\[ y_{\mathrm{mis}(i)} = (y_1, \ldots, y_{i-1}, y_i^{\mathrm{mis}}, y_{i+1}, \ldots, y_N). \] to be the same as the full set of observations \(y\), except replacing \(y_i\) with the parameter \(y_i^{\mathrm{mis}}\).

Second, we compute the LOO predictive mean and standard deviations as above, but replace \(y\) with \(y_{\mathrm{mis}(i)}\) in the computation of \(\mu_{\tilde{y},-i}\):

\[ \mu_{\tilde{y},-i} = y_{{\mathrm{mis}}(i)}-\bar{c}_{ii}^{-1}g_i, \]

where in this case we have

\[ g_i = \left[ C^{-1} y_{\mathrm{mis}(i)} \right]_i. \]

The conditional log predictive density is then computed with the above \(\mu_{\tilde{y},-i}\) and the left out observation \(y_i\):

\[ \log p(y_i\,|\,y_{-i},\theta) = - \frac{1}{2}\log(2\pi) - \frac{1}{2}\log \sigma^2_{\tilde{y},-i} - \frac{1}{2}\frac{(y_i-\mu_{\tilde{y},-i})^2}{\sigma^2_{\tilde{y},-i}}. \]

Finally, the leave-one-out predictive distribution can then be estimated as

\[ p(y_i\,|\,y_{-i}) \approx \sum_{s=1}^S p(y_i\,|\,y_{-i}, \theta_{-i}^{(s)}), \]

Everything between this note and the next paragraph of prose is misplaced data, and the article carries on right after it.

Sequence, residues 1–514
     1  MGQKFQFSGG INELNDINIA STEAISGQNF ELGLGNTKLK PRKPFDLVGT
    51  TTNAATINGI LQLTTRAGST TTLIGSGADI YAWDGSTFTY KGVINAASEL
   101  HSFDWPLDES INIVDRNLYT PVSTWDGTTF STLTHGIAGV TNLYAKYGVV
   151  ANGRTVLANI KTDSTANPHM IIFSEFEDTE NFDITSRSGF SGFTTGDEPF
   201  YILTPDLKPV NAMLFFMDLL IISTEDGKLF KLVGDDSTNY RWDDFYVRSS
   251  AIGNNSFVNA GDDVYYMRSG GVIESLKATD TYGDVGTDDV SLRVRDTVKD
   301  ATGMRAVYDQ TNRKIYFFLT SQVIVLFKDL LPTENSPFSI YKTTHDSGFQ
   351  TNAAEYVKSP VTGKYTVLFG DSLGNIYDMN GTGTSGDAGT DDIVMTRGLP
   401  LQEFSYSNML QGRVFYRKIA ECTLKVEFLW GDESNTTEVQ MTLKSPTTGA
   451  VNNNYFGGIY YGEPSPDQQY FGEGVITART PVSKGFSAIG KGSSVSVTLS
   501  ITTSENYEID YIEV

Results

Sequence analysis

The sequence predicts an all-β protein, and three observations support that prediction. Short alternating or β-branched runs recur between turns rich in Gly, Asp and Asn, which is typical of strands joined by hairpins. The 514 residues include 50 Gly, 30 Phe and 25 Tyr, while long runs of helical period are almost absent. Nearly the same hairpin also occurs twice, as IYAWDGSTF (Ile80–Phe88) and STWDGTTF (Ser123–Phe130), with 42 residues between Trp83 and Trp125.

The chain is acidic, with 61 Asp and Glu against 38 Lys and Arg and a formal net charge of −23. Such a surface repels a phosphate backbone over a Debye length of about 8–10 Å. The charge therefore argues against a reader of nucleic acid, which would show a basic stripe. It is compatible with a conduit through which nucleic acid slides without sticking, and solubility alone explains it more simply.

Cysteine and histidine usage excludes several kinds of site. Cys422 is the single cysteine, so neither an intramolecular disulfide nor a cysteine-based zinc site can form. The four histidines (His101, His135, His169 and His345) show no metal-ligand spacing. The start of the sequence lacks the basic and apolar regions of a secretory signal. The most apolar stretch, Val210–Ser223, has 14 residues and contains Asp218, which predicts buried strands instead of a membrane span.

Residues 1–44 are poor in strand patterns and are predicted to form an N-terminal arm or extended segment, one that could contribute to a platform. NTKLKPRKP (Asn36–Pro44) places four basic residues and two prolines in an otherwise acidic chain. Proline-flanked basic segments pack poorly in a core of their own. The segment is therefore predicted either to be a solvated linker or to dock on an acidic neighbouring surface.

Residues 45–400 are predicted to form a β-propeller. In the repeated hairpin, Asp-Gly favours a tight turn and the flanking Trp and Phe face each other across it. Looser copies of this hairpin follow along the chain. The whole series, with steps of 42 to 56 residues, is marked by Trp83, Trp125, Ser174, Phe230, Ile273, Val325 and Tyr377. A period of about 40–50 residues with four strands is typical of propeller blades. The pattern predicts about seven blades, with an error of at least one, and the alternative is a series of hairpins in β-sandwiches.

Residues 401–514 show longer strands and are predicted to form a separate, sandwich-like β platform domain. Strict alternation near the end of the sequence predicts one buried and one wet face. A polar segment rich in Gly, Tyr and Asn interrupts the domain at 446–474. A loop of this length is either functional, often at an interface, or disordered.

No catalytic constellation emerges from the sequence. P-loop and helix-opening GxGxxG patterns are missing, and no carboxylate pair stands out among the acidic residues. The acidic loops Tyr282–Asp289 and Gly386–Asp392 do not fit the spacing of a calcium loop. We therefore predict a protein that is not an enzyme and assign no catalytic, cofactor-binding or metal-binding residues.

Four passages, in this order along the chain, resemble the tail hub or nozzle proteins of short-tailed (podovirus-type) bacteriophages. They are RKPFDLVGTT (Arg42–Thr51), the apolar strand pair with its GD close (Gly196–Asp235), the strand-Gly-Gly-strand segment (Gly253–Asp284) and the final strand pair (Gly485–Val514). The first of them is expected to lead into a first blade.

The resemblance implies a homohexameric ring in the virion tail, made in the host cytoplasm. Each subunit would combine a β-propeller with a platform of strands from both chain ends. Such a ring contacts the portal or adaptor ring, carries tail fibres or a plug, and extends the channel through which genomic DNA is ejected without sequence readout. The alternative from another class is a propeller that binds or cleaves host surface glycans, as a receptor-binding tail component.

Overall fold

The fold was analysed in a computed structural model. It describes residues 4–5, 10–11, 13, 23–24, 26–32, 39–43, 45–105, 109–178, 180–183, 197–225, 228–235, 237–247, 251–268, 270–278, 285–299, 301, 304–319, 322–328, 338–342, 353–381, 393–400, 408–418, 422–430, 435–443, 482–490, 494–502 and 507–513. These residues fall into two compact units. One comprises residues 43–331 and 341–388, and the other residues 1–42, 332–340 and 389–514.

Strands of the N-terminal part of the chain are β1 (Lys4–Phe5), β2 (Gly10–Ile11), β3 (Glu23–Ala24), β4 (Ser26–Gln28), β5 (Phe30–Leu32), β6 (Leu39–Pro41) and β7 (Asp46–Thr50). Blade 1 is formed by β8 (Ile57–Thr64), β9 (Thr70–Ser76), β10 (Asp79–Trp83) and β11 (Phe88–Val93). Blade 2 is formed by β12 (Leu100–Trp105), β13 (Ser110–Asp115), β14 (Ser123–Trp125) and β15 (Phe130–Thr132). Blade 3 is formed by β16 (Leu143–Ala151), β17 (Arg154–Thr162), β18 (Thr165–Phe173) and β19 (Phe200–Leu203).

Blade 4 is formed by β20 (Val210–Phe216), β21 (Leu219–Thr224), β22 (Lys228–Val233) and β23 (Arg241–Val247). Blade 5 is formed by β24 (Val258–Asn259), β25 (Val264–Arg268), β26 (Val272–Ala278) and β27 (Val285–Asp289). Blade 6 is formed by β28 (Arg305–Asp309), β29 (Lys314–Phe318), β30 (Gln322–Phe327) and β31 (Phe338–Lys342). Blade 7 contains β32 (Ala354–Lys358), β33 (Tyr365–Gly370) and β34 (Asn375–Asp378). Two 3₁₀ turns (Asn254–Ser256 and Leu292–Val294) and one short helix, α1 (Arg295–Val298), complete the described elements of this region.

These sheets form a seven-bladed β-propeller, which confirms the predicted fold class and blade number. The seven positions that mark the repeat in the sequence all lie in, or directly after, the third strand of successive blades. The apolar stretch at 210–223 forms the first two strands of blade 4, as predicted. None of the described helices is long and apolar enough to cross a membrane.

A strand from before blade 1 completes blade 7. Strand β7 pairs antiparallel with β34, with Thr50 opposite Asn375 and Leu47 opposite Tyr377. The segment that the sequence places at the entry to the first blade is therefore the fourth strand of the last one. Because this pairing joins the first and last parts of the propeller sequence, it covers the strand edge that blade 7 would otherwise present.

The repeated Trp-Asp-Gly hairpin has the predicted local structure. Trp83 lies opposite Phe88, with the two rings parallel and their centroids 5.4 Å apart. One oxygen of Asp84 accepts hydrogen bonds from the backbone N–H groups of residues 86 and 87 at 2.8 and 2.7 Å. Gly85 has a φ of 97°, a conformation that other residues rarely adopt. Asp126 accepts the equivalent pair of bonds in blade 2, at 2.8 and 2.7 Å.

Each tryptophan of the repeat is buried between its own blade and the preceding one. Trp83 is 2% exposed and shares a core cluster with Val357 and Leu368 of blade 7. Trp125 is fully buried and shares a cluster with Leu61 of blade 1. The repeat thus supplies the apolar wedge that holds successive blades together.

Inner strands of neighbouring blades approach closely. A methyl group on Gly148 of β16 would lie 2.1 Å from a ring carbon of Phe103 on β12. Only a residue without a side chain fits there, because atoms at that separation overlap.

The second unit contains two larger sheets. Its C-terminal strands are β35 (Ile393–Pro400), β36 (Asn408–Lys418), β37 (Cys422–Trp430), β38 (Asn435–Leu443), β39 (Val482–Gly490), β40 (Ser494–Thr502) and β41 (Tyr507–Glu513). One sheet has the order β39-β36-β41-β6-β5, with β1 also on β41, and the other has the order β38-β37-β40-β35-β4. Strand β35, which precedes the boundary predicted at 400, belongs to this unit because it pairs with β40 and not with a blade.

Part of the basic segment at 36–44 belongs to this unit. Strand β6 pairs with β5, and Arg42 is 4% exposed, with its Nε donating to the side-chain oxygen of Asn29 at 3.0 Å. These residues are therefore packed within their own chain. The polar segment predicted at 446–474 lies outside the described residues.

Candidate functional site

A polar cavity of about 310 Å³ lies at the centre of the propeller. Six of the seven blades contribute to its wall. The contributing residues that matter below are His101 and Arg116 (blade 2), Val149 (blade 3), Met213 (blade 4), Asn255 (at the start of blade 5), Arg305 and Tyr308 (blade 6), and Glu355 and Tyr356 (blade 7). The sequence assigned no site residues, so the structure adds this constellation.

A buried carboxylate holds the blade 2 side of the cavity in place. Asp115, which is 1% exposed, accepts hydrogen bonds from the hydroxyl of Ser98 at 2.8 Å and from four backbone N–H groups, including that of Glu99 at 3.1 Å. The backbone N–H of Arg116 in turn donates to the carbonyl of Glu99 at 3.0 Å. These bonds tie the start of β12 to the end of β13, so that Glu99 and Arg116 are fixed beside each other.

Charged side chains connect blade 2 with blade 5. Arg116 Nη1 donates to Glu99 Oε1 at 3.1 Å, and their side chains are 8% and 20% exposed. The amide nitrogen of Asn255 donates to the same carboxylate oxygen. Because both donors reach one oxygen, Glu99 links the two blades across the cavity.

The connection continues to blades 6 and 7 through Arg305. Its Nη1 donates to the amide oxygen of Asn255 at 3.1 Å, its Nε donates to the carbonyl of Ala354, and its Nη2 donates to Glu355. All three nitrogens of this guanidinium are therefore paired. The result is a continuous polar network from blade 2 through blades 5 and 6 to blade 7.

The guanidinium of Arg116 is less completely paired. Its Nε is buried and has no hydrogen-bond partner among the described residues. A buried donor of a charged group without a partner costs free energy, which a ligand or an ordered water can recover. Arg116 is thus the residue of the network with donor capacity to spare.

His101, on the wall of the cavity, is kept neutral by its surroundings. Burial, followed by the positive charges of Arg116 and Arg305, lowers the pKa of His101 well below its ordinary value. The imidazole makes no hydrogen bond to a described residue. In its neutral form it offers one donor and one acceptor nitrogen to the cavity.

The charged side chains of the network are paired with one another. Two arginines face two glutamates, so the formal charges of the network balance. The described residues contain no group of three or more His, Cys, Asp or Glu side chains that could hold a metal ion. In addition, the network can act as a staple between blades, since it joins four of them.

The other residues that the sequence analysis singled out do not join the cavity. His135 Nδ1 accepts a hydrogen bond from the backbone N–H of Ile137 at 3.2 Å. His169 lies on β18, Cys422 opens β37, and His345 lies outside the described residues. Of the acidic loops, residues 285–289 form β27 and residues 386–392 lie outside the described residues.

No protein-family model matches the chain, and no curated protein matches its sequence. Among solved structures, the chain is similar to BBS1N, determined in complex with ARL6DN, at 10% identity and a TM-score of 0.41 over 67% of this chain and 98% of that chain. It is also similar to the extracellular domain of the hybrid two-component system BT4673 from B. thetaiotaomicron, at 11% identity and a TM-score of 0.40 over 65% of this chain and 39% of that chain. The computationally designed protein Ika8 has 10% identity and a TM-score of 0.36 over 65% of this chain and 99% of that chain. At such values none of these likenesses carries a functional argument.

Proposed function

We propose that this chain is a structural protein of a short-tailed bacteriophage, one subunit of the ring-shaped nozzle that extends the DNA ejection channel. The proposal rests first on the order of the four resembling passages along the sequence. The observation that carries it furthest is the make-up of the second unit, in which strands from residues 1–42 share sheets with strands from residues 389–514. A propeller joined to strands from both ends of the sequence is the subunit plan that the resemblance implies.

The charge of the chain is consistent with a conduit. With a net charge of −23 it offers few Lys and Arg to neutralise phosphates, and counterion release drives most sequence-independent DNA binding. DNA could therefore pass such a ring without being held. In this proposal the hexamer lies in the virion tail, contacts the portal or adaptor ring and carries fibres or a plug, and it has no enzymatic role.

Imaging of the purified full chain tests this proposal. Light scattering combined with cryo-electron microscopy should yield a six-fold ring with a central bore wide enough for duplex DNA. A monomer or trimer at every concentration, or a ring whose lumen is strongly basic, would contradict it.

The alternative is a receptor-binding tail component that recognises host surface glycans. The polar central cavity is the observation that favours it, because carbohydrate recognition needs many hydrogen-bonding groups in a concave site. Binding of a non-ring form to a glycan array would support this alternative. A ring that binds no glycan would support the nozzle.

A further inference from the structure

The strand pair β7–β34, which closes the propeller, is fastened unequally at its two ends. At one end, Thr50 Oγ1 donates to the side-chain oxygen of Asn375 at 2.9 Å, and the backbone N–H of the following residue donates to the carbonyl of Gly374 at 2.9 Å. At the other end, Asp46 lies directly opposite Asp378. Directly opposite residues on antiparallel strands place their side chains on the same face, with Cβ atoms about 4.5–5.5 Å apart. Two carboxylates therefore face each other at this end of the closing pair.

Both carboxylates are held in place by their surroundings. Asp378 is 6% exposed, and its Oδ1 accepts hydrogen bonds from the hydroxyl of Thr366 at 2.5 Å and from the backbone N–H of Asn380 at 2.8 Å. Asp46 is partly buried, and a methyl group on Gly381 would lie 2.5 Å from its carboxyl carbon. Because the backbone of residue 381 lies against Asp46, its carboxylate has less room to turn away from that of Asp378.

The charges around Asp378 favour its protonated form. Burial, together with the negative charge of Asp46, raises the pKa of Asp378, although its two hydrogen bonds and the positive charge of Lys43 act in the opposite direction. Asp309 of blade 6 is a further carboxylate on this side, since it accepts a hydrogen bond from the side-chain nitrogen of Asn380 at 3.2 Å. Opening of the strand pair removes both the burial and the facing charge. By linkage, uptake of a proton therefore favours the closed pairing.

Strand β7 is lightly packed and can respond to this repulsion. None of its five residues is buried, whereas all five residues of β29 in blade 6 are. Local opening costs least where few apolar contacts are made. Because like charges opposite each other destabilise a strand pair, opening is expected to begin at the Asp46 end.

where \(\theta_{-i}^{(s)}\) are draws from the posterior distribution \(p(\theta\,|\,y_{\mathrm{mis}(i)})\).

A common non-factorized multivariate normal model is the simultaneously autoregressive (SAR) model, which is frequently used for spatially correlated data. The lagged SAR model is defined as

\[ y = \rho Wy + \eta + \epsilon \] or equivalently \[ (I - \rho W)y = \eta + \epsilon, \] where \(\rho\) is the spatial correlation parameter and \(W\) is a user-defined weight matrix. The matrix \(W\) has entries \(w_{ii} = 0\) along the diagonal and the off-diagonal entries \(w_{ij}\) are larger when areas \(i\) and \(j\) are closer to each other. In a linear model, the predictor term \(\eta\) is given by \(\eta = X \beta\) with design matrix \(X\) and regression coefficients \(\beta\). However, since the above equation holds for arbitrary \(\eta\), these results are not restricted to linear models.

If we have \(\epsilon \sim {\mathrm N}(0, \,\sigma^2 I)\), it follows that \[
(I - \rho W)y \sim {\mathrm N}(\eta, \sigma^2 I),
\] which corresponds to the following log PDF coded in **Stan**:

```
/**
* Normal log-pdf for spatially lagged responses
*
* @param y Vector of response values.
* @param mu Mean parameter vector.
* @param sigma Positive scalar residual standard deviation.
* @param rho Positive scalar autoregressive parameter.
* @param W Spatial weight matrix.